Nicki Ross Memorial Umpire School
Date: Jan 4, 2019
Xavier “Chief” Calderon can hit a baseball like nobody’s business, while Jaden Pereux boasts an outfielder’s long-throwing arm and Michael Cachia looks to have the eye of an ace pitcher.
Together, the baseball-loving trio from Central Etobicoke High School are hoping to make a formidable debut in league baseball this summer – but unlike their able-bodied peers, all three boys face barriers that have precluded them from participating in the popular pastime in summers past.
Enter Challenger Baseball.
Adopted by Baseball Canada and championed by the Toronto Blue Jays, Challenger Baseball is a program that gives kids like Xavier, Jaden and Michael with cognitive or physical disabilities the opportunity to play the game at a level structured to their abilities in a fun, safe environment.
“The goal is just to get everyone on the field and have a good time,” said Steven Pinnock, who, in his dual roles as executive director of Best Buddies and board member of the Etobicoke Baseball Association (EBA), is trying to launch a Challenger Baseball program in Etobicoke this summer.
In order to do so, however, Pinnock said he needs more player recruits to round out a least a team or two, plus some volunteers and sponsors to help make it all come together.
“We want it to be just like every other team – to have a designated field, to have a permit, to have your umpire, to have your players, to have your coach. We want this to feel just as important as any other baseball league, not just tucked away in a back field somewhere,” he said. “Because when the players come down to play, we want them to get excited to see the fields all ready and lined, and for their parents to say ‘My gosh, my son is on the field playing baseball. I never would have imaged that would happen.’”
So far, Pinnock has the full backing of the EBA in launching a Challenger Baseball program within its ranks.
Longtime EBA president Tony Di Rollo said that while the six leagues that fall under the association’s umbrella – including Bloordale, Martingrove, Rexdale, Royal York and Weston baseball, as well as the Etobicoke Girls Softball League – already boast some players with disabilities, he would like to see a Challenger Baseball program expand that participation.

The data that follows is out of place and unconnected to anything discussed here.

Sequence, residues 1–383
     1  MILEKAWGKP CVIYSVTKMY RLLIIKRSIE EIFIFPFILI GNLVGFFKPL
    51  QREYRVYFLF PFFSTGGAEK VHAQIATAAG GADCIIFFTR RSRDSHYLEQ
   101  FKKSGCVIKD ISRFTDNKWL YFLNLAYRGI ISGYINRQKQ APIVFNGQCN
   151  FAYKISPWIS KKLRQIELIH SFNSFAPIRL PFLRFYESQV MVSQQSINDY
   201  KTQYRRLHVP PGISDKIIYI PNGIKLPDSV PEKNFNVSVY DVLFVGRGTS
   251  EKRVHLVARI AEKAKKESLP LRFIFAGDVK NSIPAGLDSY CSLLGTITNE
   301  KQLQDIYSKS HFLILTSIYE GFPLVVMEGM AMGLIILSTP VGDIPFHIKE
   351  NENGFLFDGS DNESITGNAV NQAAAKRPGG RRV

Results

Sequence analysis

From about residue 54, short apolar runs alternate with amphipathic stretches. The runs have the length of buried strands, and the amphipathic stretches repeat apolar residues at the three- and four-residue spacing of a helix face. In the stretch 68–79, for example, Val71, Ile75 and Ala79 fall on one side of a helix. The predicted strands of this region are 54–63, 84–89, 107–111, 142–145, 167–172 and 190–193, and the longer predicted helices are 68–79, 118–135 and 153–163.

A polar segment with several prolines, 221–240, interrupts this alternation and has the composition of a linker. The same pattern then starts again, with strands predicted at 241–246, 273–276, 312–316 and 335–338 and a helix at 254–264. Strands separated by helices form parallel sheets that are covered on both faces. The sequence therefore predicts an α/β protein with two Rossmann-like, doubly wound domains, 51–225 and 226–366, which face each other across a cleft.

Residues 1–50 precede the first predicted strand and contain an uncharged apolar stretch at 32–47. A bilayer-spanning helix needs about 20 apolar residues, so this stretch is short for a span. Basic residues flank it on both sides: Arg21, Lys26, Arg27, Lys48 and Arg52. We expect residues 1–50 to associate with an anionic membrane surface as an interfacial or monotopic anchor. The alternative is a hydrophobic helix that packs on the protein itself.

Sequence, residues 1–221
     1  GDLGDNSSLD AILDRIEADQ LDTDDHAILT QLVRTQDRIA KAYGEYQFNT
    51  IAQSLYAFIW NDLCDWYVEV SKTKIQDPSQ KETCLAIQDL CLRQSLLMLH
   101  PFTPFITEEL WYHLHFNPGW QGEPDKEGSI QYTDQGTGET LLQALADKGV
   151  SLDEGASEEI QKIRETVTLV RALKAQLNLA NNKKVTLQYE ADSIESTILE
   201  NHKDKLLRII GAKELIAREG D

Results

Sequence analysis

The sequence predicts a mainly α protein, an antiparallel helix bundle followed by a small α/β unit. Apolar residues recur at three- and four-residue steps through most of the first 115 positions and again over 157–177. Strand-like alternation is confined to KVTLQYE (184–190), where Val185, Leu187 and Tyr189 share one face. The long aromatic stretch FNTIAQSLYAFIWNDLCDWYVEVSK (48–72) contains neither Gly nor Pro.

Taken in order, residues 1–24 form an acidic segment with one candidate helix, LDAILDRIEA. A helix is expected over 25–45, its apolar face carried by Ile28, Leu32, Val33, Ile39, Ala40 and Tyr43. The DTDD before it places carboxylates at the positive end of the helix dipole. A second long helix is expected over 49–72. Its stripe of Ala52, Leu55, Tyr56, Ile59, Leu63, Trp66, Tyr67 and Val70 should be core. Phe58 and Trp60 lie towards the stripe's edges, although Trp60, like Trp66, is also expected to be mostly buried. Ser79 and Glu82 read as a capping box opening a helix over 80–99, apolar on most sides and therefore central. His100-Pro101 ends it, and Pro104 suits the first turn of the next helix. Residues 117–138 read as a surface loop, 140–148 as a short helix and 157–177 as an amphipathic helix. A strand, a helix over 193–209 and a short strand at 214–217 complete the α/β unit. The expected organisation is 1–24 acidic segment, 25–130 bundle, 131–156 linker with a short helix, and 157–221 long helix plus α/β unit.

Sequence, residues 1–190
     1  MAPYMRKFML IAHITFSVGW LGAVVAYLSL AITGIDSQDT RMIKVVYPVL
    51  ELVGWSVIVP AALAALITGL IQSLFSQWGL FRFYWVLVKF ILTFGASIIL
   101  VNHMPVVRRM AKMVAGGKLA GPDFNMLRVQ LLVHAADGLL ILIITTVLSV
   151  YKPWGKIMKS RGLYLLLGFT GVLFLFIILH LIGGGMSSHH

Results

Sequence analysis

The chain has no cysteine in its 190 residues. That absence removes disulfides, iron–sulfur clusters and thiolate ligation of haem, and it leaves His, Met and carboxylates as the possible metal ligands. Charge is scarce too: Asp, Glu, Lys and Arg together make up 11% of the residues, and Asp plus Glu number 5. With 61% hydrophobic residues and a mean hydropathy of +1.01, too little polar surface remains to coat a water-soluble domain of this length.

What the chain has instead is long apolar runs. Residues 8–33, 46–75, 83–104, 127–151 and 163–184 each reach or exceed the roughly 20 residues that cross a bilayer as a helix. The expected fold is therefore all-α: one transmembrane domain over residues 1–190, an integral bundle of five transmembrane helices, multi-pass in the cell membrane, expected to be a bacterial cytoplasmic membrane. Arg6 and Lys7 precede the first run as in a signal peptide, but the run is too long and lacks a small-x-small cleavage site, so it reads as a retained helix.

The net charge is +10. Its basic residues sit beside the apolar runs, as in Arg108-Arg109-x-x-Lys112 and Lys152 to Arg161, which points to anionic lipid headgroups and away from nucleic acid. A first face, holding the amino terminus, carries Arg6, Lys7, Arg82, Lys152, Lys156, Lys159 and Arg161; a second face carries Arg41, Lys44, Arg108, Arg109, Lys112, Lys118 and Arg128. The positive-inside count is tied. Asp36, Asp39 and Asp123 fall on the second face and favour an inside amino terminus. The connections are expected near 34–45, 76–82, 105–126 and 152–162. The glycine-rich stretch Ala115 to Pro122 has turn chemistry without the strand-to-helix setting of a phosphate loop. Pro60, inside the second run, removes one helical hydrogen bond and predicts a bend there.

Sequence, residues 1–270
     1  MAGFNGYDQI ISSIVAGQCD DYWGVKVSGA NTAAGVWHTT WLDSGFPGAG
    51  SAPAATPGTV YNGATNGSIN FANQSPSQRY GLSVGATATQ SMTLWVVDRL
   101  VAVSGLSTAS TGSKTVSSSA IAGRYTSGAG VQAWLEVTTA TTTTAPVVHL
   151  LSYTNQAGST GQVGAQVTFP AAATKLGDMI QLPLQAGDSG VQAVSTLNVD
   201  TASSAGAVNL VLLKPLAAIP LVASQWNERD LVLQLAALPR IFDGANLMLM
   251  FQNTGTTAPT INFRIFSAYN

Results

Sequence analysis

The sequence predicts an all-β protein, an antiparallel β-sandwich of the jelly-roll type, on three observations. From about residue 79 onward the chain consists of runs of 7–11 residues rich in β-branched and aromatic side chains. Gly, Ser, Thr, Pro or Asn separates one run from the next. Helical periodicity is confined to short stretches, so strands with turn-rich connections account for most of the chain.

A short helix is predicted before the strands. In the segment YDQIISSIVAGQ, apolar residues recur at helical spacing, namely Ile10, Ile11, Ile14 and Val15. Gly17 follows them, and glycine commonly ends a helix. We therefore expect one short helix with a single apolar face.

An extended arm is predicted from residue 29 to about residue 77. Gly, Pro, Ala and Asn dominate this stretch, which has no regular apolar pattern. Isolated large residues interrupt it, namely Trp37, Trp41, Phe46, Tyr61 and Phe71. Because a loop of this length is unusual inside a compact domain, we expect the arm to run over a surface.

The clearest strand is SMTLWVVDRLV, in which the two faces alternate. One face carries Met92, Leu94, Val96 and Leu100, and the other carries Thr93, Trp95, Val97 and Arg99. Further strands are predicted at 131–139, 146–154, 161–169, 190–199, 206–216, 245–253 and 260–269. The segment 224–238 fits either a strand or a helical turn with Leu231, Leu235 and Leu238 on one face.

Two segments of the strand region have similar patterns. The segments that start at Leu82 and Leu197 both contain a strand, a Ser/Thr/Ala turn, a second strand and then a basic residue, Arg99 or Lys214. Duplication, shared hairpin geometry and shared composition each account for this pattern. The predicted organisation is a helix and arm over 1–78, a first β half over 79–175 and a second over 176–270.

“I think that, as a baseball association, it would be great if we could try to see what we can do to give the same opportunities to kids with disabilities and their parents as we currently do with our other teams,” he said, noting that EBA is currently reaching out to Etobicoke families of children with disabilities to recruit new players.
To date, there are 48 leagues like EBA in Canada that host the Challenger Baseball program – the vast majority of them in British Columbia.
How it works is this: able-bodied ‘buddies’ are assigned (one-on-one, where possible) to each Challenger player, and are tasked with assisting that player with their involvement in the game – from pushing their wheelchairs around the bases, to assisting players in how to hold the bat and swing, to providing protection for the player from a batted ball.
The key to the program is that each Challenger player is treated like every other player in more conventional baseball programs: all are outfitted with uniforms, use the same equipment and play their games at the same local baseball parks.
For teens like Jaden, Xavier and Michael, such a program would give each the opportunity to be part of a team, develop their physical and social skills, and – perhaps best of all – show off their baseball skills.
“Just because they’re in chairs doesn’t mean they can’t play,” Sandy Sarna, one of the boys’ educational assistants at Central Etobicoke High, said last week while out with the trio on the school’s baseball diamond. “So I think this is fantastic. I think it’s the best thing they can do for these guys, because they kind of get the raw end of the deal sometimes and it’s nice to see that people are caring enough to come out and support them.”
Decked out in baseball gear, meanwhile, the boys themselves were ready to get out and showcase their talents with bat and ball.
“I have a really good throw,” said Jaden, who was the very first player to sign up for Challenger Baseball in Etobicoke. “I can throw really far.”
Added a bat-swinging Xavier: “I like hitting. I have a really strong arm.”
To help make the boys’ baseball dreams a reality, however, Pinnock said EBA needs more recruits to join them in rounding out a few teams of five – and so far, they only have four potential Challenger players signed up, including eager prospective players Jaden, Xavier and Michael.
“We hope to start this season if we get enough players, but if not, it’ll be next season,” Pinnock said, noting that all Etobicoke kids aged four and up with cognitive or physical disabilities are invited to sign up for the free Challenger Baseball program. “We really want to do this right, and we need players to play.”
Anyone interested in signing up their child for Challenger Baseball, or volunteering themselves as a coach, umpire or ‘buddy’ is asked to contact Pinnock at email@example.com or 416-531-0003, or Di Rollo at firstname.lastname@example.org
Pinnock said they are also looking for local businesses and companies interested in sponsoring a team.
For more information about Challenger Baseball – including a National Jamboree set to be held after the June 7 Blue Jays game at the Rogers Centre – go to atmlb.com/SFwPDd